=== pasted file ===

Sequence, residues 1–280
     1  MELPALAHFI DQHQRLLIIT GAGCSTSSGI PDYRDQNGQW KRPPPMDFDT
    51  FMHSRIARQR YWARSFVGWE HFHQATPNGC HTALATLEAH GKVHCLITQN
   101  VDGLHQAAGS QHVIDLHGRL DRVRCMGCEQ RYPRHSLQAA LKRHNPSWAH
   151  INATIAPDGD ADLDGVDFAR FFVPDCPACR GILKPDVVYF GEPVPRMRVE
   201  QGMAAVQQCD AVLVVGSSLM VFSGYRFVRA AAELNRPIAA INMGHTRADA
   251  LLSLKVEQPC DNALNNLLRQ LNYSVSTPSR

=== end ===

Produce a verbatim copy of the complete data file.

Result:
Sequence, residues 1–280
     1  MELPALAHFI DQHQRLLIIT GAGCSTSSGI PDYRDQNGQW KRPPPMDFDT
    51  FMHSRIARQR YWARSFVGWE HFHQATPNGC HTALATLEAH GKVHCLITQN
   101  VDGLHQAAGS QHVIDLHGRL DRVRCMGCEQ RYPRHSLQAA LKRHNPSWAH
   151  INATIAPDGD ADLDGVDFAR FFVPDCPACR GILKPDVVYF GEPVPRMRVE
   201  QGMAAVQQCD AVLVVGSSLM VFSGYRFVRA AAELNRPIAA INMGHTRADA
   251  LLSLKVEQPC DNALNNLLRQ LNYSVSTPSR